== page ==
Monday, June 21, 2010

What do you need?

Well, we’re going to talk about needs today – so I think I’m in ‘need’ of some cyberfare. How about donuts? A mix of chocolate, blueberry, and good-ol glazed. Throw in a bowl of fresh strawberries from the farmers market down the street and I think that’s a good start.


We all have them and our characters shouldn’t be any different.

In Diann Mills lectures on characters, she talks a lot about how needs influence your characters and your story.

There are basic needs that we all adjust and define as we develop our characters. And to provide the conflict needed to keep a story going for 50,000 words, your characters must have unmet needs. When our characters have unmet needs, the reader feels an emotional connection. Emotional connection is vital.

Emotion comes out of conflict and conflict is the heart of a good story.
As a writer, if we can develop some unmet needs in our characters, we’ll hopefully build an emotional connection with our readers, as well as a more three-dimensional character.

So, what are some needs to consider as you create your characters?

1. Survival – Is your character’s life in some sort of danger? Is he/she sick? Is there something placing his life in jeopardy?

2. Security – This has to do with the need for emotional and economical stability. Is there anything going on in your story where your hero is close to emotional bankruptcy? Needy in the emotional realm? For example, my heroine’s husband left her for a younger woman. She is emotionally insecure because of it.

3. Sex- The need for physical intimacy. Basically every human wants this. Not necessarily the physical act of sex, but what it represents – closeness.

4. Significance – The need to feel important in the world, perhaps even prove oneself.

5. Self-hood/esteem – need to know who you are, and a need for goals, achievement, and/or recognition.

6. Belonging – The need to be loved. This goes along well with #2 (emotional security). In my wip, my heroine doesn’t have a ‘home’ and despite what she says, she longs for a place to call home. A place to belong.

7. Self-Actualization – the need to live up to one’s fullest potential. Win the goal. For some reason I thought of Eric Liddel, Olympic runner, who knew what he wanted and went for it – both spiritually and physically.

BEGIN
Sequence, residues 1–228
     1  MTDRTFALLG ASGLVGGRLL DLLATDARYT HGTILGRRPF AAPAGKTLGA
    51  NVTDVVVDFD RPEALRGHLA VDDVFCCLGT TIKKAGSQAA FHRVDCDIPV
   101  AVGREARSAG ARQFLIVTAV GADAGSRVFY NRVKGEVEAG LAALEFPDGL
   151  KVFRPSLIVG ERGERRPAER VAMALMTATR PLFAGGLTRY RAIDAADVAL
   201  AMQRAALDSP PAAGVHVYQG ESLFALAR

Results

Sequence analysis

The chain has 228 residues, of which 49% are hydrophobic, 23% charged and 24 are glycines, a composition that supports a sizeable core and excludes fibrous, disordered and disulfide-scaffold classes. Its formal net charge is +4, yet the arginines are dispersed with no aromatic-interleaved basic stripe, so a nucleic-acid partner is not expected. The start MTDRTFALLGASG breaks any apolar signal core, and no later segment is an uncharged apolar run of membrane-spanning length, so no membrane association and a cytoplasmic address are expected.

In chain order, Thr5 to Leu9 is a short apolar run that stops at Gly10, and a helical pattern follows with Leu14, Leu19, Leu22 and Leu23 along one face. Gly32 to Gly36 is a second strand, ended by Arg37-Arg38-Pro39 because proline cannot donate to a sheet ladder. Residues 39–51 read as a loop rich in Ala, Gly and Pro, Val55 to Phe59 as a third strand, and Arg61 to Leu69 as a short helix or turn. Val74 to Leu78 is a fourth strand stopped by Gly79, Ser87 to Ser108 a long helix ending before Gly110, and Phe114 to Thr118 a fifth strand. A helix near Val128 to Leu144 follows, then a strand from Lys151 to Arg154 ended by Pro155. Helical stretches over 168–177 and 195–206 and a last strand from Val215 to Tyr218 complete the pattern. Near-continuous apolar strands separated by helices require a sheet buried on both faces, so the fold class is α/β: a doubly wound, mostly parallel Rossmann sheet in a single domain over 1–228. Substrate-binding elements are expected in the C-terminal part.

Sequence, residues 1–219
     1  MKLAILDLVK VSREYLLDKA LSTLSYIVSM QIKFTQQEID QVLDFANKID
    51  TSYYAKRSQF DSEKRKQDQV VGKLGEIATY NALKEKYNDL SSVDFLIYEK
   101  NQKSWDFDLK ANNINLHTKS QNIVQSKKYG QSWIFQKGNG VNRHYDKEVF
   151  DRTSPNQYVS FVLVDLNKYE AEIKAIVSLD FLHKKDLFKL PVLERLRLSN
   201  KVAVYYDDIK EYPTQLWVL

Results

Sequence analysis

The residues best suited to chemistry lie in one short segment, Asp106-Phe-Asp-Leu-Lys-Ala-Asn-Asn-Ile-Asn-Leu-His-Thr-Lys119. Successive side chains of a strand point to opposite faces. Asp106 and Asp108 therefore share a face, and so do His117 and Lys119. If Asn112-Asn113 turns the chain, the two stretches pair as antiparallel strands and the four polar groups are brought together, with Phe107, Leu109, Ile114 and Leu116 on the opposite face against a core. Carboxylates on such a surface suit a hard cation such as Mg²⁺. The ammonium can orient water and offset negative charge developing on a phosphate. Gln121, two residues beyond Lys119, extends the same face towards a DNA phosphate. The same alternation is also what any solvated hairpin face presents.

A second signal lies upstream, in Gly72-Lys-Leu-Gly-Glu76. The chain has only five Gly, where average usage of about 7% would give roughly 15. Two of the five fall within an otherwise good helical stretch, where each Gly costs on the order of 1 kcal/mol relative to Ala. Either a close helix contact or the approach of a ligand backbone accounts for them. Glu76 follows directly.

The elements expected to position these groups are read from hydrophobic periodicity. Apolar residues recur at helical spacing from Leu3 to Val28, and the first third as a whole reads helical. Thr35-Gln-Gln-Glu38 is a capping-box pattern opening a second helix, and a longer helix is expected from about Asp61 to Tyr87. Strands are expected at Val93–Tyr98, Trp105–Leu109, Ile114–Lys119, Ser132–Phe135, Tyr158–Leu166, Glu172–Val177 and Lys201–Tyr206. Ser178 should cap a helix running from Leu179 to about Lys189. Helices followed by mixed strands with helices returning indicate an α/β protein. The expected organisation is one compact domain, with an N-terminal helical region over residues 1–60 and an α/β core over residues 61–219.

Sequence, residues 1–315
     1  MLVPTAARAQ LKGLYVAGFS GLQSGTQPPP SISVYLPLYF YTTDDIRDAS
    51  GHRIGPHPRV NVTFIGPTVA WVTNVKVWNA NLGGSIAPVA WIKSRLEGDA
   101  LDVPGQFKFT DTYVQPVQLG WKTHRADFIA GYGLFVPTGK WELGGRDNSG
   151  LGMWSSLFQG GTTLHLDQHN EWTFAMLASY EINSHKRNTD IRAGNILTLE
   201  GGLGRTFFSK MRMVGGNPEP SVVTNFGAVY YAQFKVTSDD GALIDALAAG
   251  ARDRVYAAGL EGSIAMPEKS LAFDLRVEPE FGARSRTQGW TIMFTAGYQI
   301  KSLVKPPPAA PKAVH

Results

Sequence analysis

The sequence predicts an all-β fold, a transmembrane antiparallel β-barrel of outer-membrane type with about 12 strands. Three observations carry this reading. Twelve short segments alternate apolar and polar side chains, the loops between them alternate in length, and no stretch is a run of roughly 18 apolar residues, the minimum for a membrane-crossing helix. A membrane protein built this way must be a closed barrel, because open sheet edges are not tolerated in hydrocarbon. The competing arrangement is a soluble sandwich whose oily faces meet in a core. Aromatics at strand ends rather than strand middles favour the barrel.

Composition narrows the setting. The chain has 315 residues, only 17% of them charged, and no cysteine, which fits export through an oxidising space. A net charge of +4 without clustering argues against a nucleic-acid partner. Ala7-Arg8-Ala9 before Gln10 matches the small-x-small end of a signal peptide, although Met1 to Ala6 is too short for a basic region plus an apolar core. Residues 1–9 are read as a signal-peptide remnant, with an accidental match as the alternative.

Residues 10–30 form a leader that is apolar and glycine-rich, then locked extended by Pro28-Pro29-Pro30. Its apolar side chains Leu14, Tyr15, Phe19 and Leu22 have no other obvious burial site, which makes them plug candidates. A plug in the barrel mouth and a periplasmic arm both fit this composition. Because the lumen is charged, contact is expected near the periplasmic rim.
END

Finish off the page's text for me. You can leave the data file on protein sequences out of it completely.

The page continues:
Okay – so it’s a short and simple list, but if you really think about it, these are some complex needs. Can you list one or more needs for you hero or heroine?


Mia said...

I've never thought of my MC as needy, but she wants a lot of the things on that list. I would say the biggest things for her would be survival and belonging... to know she's loved and that she fits in somewhere.

Great list, Pepper! I'll keep this in mind next time I'm trying to figure out my characters ;)

Casey said...

I really liked this list Pepper! And donuts sound goooood, especially the no calarie fair here at the alley. :)

This list would take characters so much deeper, wider and more real to the reader. I am going to have to refer to this again. :)

Mary Vee Writer said...

This is an important concept. Of late I've noticed how easy it is to get caught up in the story line, good dialogue, etc....but without the aspects you mention, the above is meaningless.
Good post.

Pepper said...

Hi Mia, Casey, & Mary,
Thanks for the comments. I found this list very helpful in delving into more detail about my characters - like you said, Casey.

And Mary, I know what you mean. It's so easy to get caught up in the 'big' ideas of the story, that I forget how conflict comes about in these seemingly smaller areas too.

Sherrinda Ketchersid said...

Oh Pepper, this was good! I think my heroine definitely has a need of survival and belonging. She is a seeker of love.

I think I so often get caught up in the action of the story and forget about the internal needs of my characters. This is a great list to keep close by. :)

Krista Phillips said...

Great list! Several of those applied my characters:-) It's funny, usually I don't know at the beginning what exactly my characters "need" but very soon after I start, I start to see their need:-)

Pepper said...

I'm that way in my writing too. I really start fleshing out my characters as I write them.
As a SOTP writer, are you a big-time rewriter?
I love editing and rewriting because I learn so much more about my story that way.

Jocelyn DEFINITELY has a need for safety - from the first paragraph! Oh what a good story.

Krista Phillips said...

Oh, yes, I have to rewrite a lot. Usually I stop half way through and go back, because I have to check timing. I've had some DOOZY of errors before, and it really helps get a firm grip on the rest of my story. So I rewrite the first half then. When I'm done, I read through and edit, but do more rewriting on the second half.

I would NOT say that I love editing and rewriting. The thrill of the first write is just... exhilarating. Editing and rewriting is tiresome, lol! But, gotta do what ya gotta do!